MathOverflow is a question and answer site for professional mathematicians. It's 100% free, no registration required.

Sign up
Here's how it works:
  1. Anybody can ask a question
  2. Anybody can answer
  3. The best answers are voted up and rise to the top

Consider the heat equation $u_t=\Delta u$ with Neumann boundary condition and initial condition $u(x,0)=u^0(x)$ in a bounded domain $\Omega$ with smooth boundary. Is this true:

Any solution $u(x,t)\in W^{2,p}$ of the equation can be written as $$u(x,t)=k(x,t)\star u^0(x)$$ where $k$ is a green function (depends on $\Omega$).

share|cite|improve this question
Since the heat equation with the given condition has a unique solution and the convolution form is one of the solutions, the answer is in affirmative. – Uday Feb 21 '12 at 8:58
Are you expecting a formula like $u(x,t) = \int_\Omega k(x-y,t)u_0(y) dy$ or something like $u(x,t) = \int_\Omega k(x,y,t)u_0(y)dy$ ? I don't think something like the first formula can be true. For small $t$, such a $k$ would have to like the fundamental solution of the heat equation. At the same time, $u(x,t) \approx u_0(x)$ for small $t$. Near the boundary of $\Omega$, this cannot be possible. – Hans Engler Mar 7 '12 at 1:55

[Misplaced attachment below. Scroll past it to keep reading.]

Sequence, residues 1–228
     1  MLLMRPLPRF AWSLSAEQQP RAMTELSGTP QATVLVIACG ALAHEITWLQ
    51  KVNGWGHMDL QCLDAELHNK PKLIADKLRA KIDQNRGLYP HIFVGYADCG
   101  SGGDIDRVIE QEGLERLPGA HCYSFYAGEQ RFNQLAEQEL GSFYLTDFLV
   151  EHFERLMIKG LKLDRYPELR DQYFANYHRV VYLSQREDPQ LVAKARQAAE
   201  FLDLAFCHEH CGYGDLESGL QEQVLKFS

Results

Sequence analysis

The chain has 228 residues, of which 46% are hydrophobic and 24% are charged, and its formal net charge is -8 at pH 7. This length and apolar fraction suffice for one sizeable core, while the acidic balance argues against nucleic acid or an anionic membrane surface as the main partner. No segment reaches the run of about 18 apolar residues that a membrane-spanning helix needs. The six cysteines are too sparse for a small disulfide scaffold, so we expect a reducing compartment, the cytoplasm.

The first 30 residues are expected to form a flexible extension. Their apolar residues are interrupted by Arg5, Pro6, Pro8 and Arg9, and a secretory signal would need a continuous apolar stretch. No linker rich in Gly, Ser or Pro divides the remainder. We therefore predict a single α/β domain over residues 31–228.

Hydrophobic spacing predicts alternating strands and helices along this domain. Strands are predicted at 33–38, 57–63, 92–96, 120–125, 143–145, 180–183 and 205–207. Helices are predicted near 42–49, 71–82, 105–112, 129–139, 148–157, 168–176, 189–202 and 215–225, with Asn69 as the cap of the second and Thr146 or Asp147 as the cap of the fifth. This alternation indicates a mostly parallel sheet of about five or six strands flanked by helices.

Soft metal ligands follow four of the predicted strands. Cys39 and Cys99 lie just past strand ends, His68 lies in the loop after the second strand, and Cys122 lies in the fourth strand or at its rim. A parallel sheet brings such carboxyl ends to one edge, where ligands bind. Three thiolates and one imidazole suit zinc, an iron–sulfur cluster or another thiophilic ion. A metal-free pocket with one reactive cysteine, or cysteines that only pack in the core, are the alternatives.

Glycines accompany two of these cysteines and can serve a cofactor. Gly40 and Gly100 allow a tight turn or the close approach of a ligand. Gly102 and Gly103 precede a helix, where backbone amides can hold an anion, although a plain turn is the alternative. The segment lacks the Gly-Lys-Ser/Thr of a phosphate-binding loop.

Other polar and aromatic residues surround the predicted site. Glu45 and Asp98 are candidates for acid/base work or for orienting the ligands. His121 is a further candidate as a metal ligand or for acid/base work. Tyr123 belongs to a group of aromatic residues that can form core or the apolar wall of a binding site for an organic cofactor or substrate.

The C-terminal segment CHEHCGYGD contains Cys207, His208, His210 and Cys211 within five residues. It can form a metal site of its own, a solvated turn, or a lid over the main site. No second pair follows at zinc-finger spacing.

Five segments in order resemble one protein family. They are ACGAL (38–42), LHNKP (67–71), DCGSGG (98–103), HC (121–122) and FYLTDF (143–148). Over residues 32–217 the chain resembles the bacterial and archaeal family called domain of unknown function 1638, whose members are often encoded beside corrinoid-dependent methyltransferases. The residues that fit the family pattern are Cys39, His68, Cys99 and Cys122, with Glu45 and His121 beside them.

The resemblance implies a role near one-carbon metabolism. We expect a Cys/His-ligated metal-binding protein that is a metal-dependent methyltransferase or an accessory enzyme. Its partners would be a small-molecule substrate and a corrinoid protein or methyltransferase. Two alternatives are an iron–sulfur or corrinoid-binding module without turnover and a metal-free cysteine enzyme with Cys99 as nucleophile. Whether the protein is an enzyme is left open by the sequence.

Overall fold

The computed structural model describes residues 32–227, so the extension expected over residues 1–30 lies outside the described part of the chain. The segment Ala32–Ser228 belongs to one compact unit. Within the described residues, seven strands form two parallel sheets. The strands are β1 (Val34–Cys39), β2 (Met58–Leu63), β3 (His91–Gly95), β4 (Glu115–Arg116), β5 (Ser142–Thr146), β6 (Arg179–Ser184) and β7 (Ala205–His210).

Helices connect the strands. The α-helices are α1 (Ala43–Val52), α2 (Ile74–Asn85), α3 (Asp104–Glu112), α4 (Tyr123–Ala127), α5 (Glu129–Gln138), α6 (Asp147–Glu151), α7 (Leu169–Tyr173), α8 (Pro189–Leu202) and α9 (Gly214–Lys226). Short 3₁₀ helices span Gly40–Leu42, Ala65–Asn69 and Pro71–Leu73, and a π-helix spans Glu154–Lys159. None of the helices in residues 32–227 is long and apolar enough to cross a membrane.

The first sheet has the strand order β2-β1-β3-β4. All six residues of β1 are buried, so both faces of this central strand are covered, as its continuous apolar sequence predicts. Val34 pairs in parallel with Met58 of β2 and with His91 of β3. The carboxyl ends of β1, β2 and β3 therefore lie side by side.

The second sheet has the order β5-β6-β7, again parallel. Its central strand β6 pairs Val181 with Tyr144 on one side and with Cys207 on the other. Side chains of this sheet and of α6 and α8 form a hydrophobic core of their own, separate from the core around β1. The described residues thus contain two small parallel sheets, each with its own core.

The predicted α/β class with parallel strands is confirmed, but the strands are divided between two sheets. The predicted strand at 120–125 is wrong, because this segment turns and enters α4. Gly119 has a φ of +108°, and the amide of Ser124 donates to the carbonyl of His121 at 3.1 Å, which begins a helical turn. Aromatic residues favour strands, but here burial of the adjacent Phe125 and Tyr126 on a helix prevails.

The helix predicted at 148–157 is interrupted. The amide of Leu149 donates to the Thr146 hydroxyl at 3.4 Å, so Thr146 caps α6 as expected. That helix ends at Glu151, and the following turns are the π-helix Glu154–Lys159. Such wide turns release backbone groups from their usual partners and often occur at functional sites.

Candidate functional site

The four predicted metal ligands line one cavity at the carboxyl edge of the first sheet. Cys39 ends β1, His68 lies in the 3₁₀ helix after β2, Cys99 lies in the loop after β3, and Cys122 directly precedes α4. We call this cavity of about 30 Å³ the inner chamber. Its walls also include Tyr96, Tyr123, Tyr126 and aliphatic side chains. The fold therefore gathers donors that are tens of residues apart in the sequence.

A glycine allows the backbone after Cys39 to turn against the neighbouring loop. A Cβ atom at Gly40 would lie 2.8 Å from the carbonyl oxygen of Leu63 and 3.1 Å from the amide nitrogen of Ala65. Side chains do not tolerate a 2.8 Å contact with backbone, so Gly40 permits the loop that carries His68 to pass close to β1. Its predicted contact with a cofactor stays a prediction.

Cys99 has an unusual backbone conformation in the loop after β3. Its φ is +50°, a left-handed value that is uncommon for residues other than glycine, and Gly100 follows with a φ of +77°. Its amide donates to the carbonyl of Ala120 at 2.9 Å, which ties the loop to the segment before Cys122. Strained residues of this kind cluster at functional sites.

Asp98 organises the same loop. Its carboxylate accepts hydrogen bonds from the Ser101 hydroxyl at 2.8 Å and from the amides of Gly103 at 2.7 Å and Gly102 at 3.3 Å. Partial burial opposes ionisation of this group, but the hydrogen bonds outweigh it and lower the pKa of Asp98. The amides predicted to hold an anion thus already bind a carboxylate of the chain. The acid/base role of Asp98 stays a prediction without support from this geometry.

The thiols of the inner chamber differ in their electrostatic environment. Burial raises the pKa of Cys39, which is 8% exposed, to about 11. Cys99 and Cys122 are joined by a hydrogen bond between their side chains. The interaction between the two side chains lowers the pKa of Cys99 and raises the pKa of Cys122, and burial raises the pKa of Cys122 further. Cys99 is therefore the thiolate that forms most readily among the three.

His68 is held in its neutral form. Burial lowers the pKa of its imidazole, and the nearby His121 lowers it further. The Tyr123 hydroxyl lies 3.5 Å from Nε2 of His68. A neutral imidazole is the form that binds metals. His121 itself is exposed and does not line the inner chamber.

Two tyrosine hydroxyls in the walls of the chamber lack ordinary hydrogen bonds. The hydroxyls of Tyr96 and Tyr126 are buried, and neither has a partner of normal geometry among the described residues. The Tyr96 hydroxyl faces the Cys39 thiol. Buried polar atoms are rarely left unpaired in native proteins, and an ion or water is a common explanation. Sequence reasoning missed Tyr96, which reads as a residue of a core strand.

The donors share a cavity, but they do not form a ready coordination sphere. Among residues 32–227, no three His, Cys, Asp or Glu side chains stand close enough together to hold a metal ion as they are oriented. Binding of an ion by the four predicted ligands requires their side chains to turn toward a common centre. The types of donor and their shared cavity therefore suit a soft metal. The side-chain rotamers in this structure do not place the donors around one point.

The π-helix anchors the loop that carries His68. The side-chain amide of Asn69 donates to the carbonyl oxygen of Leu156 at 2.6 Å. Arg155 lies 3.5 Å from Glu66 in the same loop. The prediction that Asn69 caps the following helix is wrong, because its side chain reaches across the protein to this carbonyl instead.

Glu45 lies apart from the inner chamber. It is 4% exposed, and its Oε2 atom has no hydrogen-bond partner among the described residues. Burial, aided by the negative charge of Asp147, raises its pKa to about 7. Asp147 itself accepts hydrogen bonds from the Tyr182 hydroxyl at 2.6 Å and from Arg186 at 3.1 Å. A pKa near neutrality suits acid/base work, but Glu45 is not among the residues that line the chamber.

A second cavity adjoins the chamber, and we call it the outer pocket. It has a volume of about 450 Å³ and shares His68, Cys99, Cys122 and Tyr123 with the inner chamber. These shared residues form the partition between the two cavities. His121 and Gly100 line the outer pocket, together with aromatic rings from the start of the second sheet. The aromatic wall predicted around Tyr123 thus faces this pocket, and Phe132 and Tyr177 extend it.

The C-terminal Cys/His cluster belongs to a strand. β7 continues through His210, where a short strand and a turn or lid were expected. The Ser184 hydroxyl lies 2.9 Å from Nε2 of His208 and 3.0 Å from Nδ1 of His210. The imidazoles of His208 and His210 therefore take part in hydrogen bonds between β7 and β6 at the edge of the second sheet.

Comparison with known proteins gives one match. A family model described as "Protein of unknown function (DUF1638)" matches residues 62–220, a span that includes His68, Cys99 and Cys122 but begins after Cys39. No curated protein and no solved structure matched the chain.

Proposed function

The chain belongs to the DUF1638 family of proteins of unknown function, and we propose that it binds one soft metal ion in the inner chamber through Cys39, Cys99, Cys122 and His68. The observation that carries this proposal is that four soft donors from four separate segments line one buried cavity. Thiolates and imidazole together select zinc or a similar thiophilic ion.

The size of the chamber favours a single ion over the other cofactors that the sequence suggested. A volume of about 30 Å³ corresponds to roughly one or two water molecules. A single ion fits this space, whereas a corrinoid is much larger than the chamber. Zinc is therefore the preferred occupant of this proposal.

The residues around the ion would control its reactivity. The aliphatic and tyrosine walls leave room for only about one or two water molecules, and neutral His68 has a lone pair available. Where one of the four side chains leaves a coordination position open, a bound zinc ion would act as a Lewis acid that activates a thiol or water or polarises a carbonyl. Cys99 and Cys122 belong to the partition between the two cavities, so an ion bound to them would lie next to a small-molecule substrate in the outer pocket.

This is possible inside the domain. For the Dirichlet problem that is indeed so (the question is copied from the formulation in the Krylov's book). The case of the Neumann condition must not be utterly different - one should study the existing literature to have a precise formulation. – Anatoly Kochubei Mar 19 '12 at 5:31

There exists a theory of Green functions for general parabolic boundary value problems which covers the case you are interested in, in particular papers by Eidelman, Ivasishen, Solonnikov. For references see

S. D. Eidelman and N. V. Zhitarashu, Parabolic boundary value problems. Basel: Birkhäuser (1998).

Unfortunately, most of the papers on this subject are available only in Russian.

share|cite|improve this answer

Your Answer


By posting your answer, you agree to the privacy policy and terms of service.

Not the answer you're looking for? Browse other questions tagged or ask your own question.